There are no drugs that do not produce so-called side effects and it is certain that the more toxic of them invariably produce iatrogenic disease. For example, in his researches, Hans Selye demonstrated that animals dosed with corticoids and sodium salts rapidly developed fatal cardiac necroses followed by myocarditis. The physician gives corticoids to a patient suffering with arthritis, which he knows will not remedy the arthritis and the corticoids produce heart disease in the patient. Certainly there must be more reliable ways of caring for arthritic cases.

Not long since a study group appointed by the American Medical Association to study the effects of drugs upon the blood indicted 48 drugs for their definite blood damaging effects. Chloromycetin, which they designated the No. 1 culprit, seems to have a "definite toxic action on the bone marrow" where blood cells are produced. Among other drugs listed were others of the antibiotics, a number of tranquilizers, certain sleeping pills, the so-called anti-arthritis and anti-gout drugs--colchicine, butazolidin, benemid and gold salts--four pain killers, including phenacetin, so-called anti-diabetes pills, certain so-called kidney stimulants, the anticoagulant drugs, several anti-epileptic drugs, thyroid drugs and six different sulfa drugs.

The so-called wonder drug, chloroquine (a synthetic quinine), which is credited with preventing malaria, was found to produce blindness among its evil effects. Indeed, the so-called side effects of the new "wonder drugs" are said to still "plague the physicians." It is estimated that 1.3 million Americans are made sick by the drugs they take to make them well. This estimate is far short of the actual number that are made sick by drugs and covers only those cases that are made sick enough that the physician recognizes the drug as cause. The fact is that it is impossible to take a drug without being made sick.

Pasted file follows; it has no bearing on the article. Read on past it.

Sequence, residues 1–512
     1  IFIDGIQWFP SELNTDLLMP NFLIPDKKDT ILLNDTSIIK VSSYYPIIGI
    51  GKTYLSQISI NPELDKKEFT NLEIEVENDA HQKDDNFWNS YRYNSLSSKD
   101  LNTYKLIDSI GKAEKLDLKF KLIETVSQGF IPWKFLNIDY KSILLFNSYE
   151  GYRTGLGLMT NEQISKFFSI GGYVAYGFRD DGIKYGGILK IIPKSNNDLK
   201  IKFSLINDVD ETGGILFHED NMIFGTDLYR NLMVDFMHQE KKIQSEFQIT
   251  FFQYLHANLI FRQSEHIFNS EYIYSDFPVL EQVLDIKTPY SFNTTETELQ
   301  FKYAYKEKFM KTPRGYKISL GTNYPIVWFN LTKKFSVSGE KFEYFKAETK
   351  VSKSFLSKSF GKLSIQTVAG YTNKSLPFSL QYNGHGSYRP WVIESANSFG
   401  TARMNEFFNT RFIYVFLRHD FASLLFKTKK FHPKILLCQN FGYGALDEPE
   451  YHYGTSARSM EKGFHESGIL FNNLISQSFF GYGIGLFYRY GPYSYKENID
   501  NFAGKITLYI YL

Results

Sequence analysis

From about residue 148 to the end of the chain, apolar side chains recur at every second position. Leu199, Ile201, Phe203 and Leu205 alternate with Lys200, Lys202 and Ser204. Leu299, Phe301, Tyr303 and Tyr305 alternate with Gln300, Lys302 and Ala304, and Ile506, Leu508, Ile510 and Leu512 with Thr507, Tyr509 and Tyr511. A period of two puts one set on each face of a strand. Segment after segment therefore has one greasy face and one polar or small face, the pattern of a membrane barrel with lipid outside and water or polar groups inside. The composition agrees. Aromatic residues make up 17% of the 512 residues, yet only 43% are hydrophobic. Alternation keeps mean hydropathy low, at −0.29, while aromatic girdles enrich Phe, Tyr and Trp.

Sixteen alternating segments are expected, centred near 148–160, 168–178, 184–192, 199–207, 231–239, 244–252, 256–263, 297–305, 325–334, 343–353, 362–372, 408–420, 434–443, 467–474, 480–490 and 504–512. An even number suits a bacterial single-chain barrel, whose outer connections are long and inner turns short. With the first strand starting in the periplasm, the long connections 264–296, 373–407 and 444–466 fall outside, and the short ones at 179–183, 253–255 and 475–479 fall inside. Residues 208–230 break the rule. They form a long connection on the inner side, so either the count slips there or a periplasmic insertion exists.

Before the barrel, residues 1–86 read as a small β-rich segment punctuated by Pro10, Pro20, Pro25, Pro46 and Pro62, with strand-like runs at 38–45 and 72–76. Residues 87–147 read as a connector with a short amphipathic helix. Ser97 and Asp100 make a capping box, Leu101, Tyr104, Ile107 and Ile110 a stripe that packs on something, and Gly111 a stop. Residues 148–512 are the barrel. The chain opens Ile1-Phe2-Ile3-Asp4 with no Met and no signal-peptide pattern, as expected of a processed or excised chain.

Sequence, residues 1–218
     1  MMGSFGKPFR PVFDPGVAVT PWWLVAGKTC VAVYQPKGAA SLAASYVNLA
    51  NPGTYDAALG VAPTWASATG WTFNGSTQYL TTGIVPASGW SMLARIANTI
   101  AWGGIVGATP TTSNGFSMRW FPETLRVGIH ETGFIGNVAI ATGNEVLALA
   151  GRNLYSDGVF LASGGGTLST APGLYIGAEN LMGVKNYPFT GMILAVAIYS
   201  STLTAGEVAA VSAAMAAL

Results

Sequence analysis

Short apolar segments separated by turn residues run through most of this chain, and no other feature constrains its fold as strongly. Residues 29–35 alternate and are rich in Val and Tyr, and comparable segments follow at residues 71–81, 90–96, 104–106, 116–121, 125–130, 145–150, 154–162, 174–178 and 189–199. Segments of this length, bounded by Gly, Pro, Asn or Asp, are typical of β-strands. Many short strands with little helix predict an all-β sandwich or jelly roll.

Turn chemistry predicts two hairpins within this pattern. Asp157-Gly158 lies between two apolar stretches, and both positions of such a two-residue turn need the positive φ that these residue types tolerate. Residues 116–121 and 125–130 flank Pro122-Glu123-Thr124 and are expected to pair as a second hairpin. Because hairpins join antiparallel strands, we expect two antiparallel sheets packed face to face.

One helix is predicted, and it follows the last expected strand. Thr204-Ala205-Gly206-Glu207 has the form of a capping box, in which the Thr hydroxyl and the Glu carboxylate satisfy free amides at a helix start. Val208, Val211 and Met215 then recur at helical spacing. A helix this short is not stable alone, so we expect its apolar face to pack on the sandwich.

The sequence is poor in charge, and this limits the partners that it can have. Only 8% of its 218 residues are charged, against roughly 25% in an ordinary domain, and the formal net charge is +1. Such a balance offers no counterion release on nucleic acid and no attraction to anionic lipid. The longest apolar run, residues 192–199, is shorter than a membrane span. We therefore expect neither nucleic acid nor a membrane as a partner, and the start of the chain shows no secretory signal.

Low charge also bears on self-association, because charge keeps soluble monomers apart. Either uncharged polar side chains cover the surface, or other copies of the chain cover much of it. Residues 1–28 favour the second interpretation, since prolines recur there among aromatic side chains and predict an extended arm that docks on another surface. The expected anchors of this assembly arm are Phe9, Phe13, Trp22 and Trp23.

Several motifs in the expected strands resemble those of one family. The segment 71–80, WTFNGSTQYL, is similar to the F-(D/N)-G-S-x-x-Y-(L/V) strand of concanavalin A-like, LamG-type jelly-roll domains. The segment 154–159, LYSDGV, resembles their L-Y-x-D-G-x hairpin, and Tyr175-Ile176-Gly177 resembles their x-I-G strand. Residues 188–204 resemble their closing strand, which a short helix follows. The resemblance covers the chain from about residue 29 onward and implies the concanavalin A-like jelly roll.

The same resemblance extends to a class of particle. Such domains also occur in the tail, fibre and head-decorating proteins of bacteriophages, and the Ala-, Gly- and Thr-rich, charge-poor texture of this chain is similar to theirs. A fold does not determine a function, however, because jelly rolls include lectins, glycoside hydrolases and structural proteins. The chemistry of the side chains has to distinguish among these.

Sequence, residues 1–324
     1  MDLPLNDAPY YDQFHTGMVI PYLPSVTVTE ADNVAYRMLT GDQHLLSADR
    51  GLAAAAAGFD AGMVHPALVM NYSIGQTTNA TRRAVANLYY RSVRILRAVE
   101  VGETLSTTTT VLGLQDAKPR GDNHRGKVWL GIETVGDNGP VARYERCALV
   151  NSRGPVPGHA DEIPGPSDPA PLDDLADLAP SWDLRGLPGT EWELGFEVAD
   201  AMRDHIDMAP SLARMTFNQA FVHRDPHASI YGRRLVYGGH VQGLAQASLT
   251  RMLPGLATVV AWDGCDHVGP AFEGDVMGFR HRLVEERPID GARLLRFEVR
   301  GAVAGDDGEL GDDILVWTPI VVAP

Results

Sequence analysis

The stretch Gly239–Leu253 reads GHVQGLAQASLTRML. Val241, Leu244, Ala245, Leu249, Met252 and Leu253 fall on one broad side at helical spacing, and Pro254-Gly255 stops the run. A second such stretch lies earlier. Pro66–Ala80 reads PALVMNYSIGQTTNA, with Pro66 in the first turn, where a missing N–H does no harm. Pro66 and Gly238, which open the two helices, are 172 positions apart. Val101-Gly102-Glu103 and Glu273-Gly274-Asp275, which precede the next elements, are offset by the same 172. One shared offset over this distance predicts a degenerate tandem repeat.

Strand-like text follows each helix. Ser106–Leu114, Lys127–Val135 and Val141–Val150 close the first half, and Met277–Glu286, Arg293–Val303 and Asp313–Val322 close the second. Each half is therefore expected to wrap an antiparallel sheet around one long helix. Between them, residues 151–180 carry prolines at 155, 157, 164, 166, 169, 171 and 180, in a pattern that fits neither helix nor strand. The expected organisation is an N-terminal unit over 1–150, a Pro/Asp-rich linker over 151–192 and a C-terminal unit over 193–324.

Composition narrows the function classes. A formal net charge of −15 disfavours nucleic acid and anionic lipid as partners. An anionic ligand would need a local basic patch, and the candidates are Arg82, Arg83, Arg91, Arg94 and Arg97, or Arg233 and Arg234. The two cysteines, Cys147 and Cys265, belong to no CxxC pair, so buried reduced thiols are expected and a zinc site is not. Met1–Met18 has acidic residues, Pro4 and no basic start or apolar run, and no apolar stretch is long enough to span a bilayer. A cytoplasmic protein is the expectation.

When the thalidomide tragedy frightened the drug world, there followed a few years of intensive testing of drugs in an effort to determine what other drugs would cripple and deform the unborn. So many drugs were found to damage the unborn that many physicians went so far as to advise pregnant mothers to avoid all drugs. Others urged what they called a minimum of medicine during pregnancy. So great and so extensive are the damages produced by drugs that the time must be close at hand when public recognition of this fact will compel the discontinuance of all drugging.

Facts about the harmfulness and futility of the drugging practice coming from the highest medical sources have a force which cannot be resisted. By their own showing, we are on the right side and shall ultimately and inevitably drive them from their field. Their's is a confession that speaks no less eloquently for the integrity of the men who make it than for the superiority of Hygiene as a way of life. It is true that medical spokesmen make no mention of Hygiene, but after they have completed their confession about drugs, there is nothing else left.